The biggest trends of 2014, so far, were big trends in 2013 as well. Another year of experience means new case studies and better best practices, but the message is the same as last year: If you’re not participating in and constantly improving initiatives in big data, mobile, and customer feedback, you’re behind. It’s 2014 – time to catch up.
Big data is a big deal
The value of consumer information is greater than ever. By personalizing and refining marketing strategies based on this consumer data, businesses can improve their performance while at the same time better addressing the needs of their customers. This only reinforces the need for brands to continue mining the data and utilizing it in a way that drives value to their customers.
Melissa Flicek, Director, Project Delivery at Target, shared an interesting example of this recently at Retail’s Big Show. She talked about the strides Target has made to leverage data in new ways and the different strategies they used to do so. For example, they have started a division in the San Francisco area as a fire-walled think-tank dedicated to incubating ideas on utilizing consumer data. Flicek explained how organizations don’t need to dump a ton of resources (dollars or people) into testing and learning from big data right from the start. A small, tactical team approach can be an effective way to begin adding value to an organization. Expand the investment from there based on learnings.
Another interesting insight from Flicek was the concept of the “base hit.” Many retailers are trying to hit a home run in the real-time customer knowledge space. She suggested that continuing to get base hits (incremental wins that drives sale) will occasionally yield the home run on its own — while a retailer constantly swinging for the fences will undoubtedly strike out the majority of the time.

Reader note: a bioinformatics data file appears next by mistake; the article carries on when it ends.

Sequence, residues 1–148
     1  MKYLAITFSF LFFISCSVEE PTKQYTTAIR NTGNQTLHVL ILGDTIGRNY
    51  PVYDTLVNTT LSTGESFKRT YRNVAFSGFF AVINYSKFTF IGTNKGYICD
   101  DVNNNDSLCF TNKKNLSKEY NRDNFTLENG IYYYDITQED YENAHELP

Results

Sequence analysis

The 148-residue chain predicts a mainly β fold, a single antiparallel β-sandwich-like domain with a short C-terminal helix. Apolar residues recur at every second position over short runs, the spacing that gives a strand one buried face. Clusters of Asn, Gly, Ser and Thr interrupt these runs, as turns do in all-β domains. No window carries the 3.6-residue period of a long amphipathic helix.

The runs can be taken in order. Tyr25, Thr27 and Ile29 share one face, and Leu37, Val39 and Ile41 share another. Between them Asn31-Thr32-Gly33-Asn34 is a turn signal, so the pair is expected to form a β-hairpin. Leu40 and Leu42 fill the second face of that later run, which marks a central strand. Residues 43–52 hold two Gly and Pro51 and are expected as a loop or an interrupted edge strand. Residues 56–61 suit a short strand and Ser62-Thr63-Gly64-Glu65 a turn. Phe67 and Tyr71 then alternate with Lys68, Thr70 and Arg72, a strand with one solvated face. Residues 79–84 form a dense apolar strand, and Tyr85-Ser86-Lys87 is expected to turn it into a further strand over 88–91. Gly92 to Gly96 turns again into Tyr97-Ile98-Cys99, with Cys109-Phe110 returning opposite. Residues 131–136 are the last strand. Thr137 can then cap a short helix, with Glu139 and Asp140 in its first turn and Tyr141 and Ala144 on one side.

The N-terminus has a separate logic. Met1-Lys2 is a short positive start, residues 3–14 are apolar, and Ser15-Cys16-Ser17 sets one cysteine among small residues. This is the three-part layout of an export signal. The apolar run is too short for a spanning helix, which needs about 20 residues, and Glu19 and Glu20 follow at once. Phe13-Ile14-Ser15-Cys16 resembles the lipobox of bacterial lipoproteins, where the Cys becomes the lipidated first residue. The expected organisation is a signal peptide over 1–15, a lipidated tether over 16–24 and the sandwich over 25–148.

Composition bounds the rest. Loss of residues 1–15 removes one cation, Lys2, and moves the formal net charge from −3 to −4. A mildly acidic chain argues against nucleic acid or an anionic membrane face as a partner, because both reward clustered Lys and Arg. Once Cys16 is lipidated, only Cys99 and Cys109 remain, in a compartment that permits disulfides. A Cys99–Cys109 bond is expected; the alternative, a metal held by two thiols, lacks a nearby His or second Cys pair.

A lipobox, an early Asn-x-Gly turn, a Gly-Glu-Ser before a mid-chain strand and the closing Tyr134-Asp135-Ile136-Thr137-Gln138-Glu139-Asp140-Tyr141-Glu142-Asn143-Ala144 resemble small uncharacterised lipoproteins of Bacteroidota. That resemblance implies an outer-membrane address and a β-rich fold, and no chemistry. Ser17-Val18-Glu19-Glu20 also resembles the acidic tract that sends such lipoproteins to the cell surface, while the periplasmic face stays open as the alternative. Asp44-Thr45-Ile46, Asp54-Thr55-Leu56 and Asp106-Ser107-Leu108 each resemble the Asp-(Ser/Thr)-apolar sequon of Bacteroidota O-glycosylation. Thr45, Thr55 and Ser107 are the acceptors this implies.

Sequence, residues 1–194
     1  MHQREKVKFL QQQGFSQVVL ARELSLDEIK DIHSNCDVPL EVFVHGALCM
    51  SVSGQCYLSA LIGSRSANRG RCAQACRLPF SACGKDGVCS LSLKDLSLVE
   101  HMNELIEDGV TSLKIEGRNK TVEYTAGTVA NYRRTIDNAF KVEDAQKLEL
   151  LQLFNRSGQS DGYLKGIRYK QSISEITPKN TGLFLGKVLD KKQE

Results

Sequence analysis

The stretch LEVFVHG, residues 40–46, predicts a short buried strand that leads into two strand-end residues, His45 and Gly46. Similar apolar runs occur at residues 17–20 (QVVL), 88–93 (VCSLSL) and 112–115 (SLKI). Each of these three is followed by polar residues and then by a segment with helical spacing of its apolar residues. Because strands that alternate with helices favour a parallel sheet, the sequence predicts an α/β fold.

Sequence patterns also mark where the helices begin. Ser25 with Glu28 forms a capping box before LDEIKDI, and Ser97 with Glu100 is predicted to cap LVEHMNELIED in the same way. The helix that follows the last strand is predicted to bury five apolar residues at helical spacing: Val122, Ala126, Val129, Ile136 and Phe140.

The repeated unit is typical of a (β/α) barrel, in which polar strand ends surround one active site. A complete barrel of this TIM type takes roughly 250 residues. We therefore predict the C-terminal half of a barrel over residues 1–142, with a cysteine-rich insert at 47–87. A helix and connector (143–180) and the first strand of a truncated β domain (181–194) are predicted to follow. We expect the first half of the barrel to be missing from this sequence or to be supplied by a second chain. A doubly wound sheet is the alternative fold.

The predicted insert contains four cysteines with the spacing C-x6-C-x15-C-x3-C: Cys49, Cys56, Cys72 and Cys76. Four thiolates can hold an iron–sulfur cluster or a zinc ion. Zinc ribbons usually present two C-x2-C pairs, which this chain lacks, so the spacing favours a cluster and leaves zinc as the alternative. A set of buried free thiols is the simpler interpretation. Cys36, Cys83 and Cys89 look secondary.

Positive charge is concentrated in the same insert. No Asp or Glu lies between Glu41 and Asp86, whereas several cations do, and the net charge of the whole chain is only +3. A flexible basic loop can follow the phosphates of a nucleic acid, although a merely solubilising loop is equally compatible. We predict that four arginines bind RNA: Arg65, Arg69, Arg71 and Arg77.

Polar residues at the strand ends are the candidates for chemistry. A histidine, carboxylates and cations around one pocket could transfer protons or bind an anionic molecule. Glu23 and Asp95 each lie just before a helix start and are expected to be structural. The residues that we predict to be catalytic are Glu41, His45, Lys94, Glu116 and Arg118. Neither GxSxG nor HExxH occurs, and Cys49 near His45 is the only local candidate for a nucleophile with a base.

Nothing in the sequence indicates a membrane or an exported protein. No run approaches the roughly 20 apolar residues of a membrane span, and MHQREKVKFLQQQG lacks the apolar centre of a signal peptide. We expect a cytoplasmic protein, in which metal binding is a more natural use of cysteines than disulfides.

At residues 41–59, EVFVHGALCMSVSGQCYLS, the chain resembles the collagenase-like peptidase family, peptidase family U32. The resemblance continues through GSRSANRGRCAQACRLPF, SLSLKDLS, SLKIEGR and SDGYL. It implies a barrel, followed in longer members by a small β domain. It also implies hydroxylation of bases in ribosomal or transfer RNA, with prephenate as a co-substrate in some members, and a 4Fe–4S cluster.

Mobile is past the tipping point
Mobile shows no signs of slowing down in the ecommerce realm. The use of mobile devices as a part of the shopping experience is beyond the tipping point. Retailers must find more ways to integrate mobile devices meaningfully into the shopping experience. Whether as a purchasing device or as a tool to research while shopping in a brick-and-mortar environment, mobile is here to stay.
Even outside of the hands of consumers, mobile is firmly establishing itself as a part of the retail space. Digitizing the point-of-sale has helped Crocs, Inc. stay on the cusp of changing customer behavior and preferences, says Stephen Katsirubas, CIO of Crocs. Via in-store mobile devices, retail associates get access to a real-time global inventory synced to the Crocs website. Customers who can’t find certain sizes or items in-store can order directly from the associate using this mobile device, ensuring Crocs does not lose the customer due to inventory at one physical location.
User-generated content is effective everywhere
From social media to shopper reviews, UGC is the new fertilizer for retail. Everyone wants it and needs it to grow. According to Daniella Yacobovsky, Co-Founder of BaubleBar, UGC is effective in encouraging customers to buy the brand’s products. BaubleBar incorporated images of real consumers wearing their products onto their product pages of their website, and according to Yacobovsky, these customer-submitted images drive sales:
“A third of site visitors engage with it and the conversion rate for those who do is 2.5 times higher than those who don’t.”
Consumer reviews are another form of UGC that are getting more usage outside of the digital space. Many brands now incorporate review snippets into packaging, in-store displays, and advertising. UGC is a source of inspiration for the web, sales, and marketing teams to create effective pitches and content using customers’ own words. Review data is actionable and quantifiable, and can be utilized to improve operations and deepen consumer engagement.
Big data, mobile, and UGC are all tools retailers can utilize in their marketing initiatives. Have you used one of these tactics in your plans? Tell us how it worked in the comments section.